Product Review: McCormick Bruschetta Chicken Spice Blend

One fun (nosy?) thing that I like to do from time to time is to walk the aisles of grocery stores to see what new products are available, or what things I have never noticed before. A perfect place to do this is at the Walmart superstore.

I finally had enough time to really scope out the aisles, rather than zero in on a particular item, jewel thief style, to get in and out as fast as I could before going into work. Being able to browse at my own leisure, I saw a lot of interesting items.

One was this item, pictured, a packet of Italian blend spices to use on  chicken and tomatoes, to be roasted and served with pasta. I’m not sure if it was the mention of “all natural” that drew me in, (all of the ingredients have names I can pronounce) or the name conjuring up the taste of bruschetta in my mouth, but either way, this packet went home with me, for well under $2.

The recipe calls for 1 lb. of chicken, 1/3 cup of oil, 10 plum tomatoes, 1 tablespoon of balsamic vinegar and pasta. I opted against the pasta when I used the packet yesterday, pairing a double measure of chicken and tomatoes with couscous instead. (I figured adding more meat and tomatoes would make better use of the substantial amount of oil called for, and provide more leftovers!)


Here’s what I did:

  • Cut the chicken breast into strips, as requested on the packaging. (Or you could use raw chicken tenders.) Cut the tomatoes into lengthwise quarters, also as originally requested. Placed the chicken and tomatoes in separate 13×9 baking pans, sprayed with cooking spray.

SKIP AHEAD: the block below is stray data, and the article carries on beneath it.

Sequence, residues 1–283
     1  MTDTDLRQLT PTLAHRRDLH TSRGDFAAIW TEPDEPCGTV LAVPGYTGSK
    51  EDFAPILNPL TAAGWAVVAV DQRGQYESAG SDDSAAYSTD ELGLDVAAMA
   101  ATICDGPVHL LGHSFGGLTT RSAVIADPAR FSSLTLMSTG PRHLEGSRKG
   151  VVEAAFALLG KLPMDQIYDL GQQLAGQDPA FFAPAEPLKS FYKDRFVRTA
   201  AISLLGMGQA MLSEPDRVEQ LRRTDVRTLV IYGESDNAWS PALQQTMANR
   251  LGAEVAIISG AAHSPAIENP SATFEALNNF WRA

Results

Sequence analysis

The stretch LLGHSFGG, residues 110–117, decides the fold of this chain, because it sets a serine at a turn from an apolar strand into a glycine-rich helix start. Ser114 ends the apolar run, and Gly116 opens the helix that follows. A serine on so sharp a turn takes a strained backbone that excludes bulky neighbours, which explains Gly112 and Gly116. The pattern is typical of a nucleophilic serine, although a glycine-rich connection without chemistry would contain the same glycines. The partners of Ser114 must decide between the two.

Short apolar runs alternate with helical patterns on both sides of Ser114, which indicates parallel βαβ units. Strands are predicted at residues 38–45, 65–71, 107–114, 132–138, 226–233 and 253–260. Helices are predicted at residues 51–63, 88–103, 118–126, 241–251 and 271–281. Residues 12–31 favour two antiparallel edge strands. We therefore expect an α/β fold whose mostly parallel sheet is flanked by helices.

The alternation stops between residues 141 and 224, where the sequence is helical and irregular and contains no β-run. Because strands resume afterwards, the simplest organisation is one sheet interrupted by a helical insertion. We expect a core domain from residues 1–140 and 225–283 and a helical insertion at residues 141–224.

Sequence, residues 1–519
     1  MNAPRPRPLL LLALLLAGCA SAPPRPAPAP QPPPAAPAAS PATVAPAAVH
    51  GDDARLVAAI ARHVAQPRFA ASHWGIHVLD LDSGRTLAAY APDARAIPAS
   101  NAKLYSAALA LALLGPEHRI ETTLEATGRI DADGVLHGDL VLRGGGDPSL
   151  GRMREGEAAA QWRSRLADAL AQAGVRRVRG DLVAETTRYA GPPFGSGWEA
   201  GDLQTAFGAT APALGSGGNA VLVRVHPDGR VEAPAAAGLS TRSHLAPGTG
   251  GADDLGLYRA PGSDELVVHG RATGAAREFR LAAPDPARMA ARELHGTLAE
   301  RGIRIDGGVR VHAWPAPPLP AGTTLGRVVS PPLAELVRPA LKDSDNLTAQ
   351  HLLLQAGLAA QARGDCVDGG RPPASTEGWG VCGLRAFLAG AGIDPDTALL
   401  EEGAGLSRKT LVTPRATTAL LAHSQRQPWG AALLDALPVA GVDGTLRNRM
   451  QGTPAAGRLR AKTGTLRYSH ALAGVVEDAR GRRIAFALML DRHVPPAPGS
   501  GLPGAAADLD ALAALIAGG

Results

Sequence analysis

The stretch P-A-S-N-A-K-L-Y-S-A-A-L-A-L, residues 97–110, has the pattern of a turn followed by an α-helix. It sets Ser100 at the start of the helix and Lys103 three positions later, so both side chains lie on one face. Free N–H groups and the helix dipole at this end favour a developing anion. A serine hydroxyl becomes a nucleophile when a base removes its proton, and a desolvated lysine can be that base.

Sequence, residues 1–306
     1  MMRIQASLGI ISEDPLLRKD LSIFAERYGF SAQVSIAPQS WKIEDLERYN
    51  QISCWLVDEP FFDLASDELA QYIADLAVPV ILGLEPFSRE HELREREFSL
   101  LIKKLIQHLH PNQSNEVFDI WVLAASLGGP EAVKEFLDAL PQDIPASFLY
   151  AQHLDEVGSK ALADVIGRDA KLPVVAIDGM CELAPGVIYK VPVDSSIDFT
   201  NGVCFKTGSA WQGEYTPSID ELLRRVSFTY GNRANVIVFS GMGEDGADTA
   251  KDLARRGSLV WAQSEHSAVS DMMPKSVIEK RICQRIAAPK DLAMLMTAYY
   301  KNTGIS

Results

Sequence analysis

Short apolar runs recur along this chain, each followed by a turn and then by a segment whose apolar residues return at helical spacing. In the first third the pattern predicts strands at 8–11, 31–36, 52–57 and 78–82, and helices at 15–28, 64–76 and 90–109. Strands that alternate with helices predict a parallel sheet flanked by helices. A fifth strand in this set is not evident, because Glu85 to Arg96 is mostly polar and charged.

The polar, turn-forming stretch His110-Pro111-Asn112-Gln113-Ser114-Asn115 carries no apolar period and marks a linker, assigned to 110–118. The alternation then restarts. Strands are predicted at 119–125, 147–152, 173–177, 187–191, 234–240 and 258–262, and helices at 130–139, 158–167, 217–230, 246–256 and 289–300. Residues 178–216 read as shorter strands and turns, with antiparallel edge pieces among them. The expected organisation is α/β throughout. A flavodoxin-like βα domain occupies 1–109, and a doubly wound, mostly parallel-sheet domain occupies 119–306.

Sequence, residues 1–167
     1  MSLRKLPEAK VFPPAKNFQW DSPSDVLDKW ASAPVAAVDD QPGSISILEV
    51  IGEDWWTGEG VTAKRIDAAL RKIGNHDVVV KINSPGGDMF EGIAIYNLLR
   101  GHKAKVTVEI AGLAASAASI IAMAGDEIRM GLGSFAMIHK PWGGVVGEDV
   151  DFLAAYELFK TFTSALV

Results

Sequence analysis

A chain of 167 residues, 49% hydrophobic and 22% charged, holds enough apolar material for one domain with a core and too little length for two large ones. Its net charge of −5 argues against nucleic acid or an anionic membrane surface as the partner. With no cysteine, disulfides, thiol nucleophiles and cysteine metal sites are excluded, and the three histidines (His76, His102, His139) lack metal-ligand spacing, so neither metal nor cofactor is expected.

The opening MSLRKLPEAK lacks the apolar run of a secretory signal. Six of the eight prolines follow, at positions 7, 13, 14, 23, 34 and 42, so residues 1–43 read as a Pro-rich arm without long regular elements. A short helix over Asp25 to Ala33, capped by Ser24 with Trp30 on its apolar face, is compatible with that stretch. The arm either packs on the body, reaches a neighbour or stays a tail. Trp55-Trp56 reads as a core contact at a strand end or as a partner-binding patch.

• Mixed the seasoning with the oil, and added the vinegar at this time. (The package says to hold the vinegar to the end, when you would’ve been mixing everything with the pasta, along with 3 tablespoons of the spice mixture, but I thought using the vinegar upfront couldn’t hurt.)
  • Brushed the spice mixture over the chicken and tomatoes, and then topped with a bit of kosher salt–the mix didn’t have much salt in it. I suppose that’s a good thing, though, as spice blends are often overly salty.
  • Baked the pans in a 425-degree oven until the chicken was done, per package instructions. Let the pans cool, then attempted to dice the tomatoes as requested. But I ended up smashing the tomatoes a bit with a meat tenderizer before cutting, to avoid a juicy mess as much as possible.
  • Added the chicken and tomatoes over top of couscous cooked in the microwave. (I went with a half-cup of couscous for myself, and served the dish with sauteed spinach.)

Notes: I think McCormick’s intended recipe would be good as well, as roasting the tomatoes and mixing with pasta would yield a nice, fresh pasta sauce. They also suggested topping with parmesan, which you can never go wrong with doing!

Here are some other ideas I had:

  • If going in pasta mode: top with some slivered fresh basil.
  • If going in couscous mode: try adding golden raisins and olives to add another sweet/savory dimension.
  • I’d consider grilling the chicken, but I’d let it sit in some of the spice mixture for a bit, as a marinade. I might use a bit more balsamic (or even red wine vinegar) for a marinade.

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